In this video, Dimitrios Koutsoubos revisits his first article, written 13 years ago. Going back is a great opportunity for learning some lessons.
2007 Article (translated):
In today’s circumstances, the stock hasn’t gone up with the rise of the energy prices, and is constantly downgraded by analysts. Without being a specialist, I believe that analysts deal with it in a wrong way, and that it is a great opportunity, and will be a greater opportunity if oil goes beyond 100 dollars per barrel.
The only reservation is PPC to stay attached to the “chariot” of the state for many years
PPC is an enterprise controlled by the state, and is called to demonstrate its social profile. Households get subsidized by paying lower prices per kwh, while energy price rises do not pass through to consumers. I am not talking about just the oil cost, but for the global energy prices, which are inter-connected. We should not forget that PPC is primarily an energy producer (coal, hydro) and then a consumer. Due to this distortion, PPC behaves in its accounts as a consumer and is dealt as such by investors.
Due to the fact that, sooner or later, this state enterprise will disengage from direct state control, and that the cost of subsidizing consumers will die off, PPC is becoming a great investing opportunity.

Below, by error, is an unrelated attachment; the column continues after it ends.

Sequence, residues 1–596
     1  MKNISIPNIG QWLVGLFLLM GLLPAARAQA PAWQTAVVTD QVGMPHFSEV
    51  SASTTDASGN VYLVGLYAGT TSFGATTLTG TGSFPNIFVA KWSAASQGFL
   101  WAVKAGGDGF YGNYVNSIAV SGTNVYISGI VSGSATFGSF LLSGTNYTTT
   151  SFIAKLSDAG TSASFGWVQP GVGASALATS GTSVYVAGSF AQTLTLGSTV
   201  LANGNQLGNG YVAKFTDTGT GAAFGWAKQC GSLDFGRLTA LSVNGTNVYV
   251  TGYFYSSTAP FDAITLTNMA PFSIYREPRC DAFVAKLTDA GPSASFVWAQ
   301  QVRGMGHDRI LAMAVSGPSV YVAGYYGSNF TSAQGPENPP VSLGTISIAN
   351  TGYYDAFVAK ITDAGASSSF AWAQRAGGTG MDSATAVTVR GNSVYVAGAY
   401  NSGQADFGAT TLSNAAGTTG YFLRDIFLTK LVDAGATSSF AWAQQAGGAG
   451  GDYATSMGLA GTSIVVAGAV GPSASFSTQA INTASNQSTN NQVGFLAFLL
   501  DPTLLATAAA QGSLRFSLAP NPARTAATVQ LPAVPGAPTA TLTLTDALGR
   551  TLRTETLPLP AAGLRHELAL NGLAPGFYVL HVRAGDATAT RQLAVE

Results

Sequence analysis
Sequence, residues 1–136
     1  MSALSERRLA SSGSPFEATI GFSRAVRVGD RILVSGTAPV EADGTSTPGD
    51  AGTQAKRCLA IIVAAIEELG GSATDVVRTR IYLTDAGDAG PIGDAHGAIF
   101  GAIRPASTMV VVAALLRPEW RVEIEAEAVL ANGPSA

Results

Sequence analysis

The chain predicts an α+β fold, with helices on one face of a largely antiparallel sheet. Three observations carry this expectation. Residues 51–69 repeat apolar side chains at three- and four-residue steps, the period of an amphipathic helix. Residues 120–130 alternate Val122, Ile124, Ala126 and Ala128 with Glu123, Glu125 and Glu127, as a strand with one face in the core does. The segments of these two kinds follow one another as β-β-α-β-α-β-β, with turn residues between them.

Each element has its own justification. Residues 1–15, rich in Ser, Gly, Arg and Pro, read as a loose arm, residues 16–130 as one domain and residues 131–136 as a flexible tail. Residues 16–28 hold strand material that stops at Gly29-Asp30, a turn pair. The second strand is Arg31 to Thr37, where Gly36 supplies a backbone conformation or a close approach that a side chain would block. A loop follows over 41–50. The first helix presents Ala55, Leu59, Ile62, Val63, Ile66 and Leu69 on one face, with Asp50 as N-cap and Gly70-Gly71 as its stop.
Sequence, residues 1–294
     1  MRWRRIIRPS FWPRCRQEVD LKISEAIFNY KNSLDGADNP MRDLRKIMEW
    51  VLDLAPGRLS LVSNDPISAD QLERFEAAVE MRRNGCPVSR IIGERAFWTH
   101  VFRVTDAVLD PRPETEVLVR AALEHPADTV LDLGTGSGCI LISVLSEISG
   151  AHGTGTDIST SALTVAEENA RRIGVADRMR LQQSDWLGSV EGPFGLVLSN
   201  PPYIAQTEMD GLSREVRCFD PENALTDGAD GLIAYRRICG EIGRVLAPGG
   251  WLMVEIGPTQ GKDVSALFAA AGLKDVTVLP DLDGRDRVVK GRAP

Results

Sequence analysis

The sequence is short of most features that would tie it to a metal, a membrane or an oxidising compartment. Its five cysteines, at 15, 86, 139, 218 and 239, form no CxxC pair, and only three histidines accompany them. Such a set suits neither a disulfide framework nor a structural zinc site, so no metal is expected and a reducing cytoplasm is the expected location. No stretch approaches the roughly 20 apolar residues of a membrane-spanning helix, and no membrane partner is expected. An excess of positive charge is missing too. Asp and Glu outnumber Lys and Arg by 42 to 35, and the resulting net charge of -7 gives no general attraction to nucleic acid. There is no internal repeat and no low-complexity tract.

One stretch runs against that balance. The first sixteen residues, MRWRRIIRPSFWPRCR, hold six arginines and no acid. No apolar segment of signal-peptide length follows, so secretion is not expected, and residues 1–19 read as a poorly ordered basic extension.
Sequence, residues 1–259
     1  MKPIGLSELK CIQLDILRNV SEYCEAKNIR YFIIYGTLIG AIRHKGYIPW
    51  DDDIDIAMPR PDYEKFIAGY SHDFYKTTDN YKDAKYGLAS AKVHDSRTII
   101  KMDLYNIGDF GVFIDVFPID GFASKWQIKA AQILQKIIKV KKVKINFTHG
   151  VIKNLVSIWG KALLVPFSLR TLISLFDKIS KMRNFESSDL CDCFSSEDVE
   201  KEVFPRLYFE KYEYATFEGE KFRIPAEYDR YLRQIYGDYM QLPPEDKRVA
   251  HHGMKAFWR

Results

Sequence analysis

In case of oil prices exploding above $100 per barrel, the enterprise will become loss-making. However, there is no chance for others to compete by using natural-gas or oil (an example is ELPE’s failure in electricity generation due to PPC’s low cost of generation through coal). At the same time, the value of electric power and coal would increase. For example, using air-conditioners for heating would be more attractive than heating with oil. Long-term, other usages could also get replaced through the support of the electricity grid (electric vehicles, hydrogen, etc.). A privatized PPC under this environment could have such great profits, that current profits would seem like a joke. Only emission rights, and environmentally friendly alternatives could threaten PPC. In an energy crisis environment though, stopping relying on coal initially seems impossible.
On the occasion of an oil price decline, I don’t think that electricity prices will drop. The short-term outcome would be great, but low prices would make natural gas competitive, which is environmentally friendlier.
Thus, the long-term importance and value of PPC increases under conditions of rising energy prices. On the contrary, its future would be precarious with lower energy prices, because flexible players would gain share and would manage to compete in price. This is the exact opposite of what the analysts suggest.
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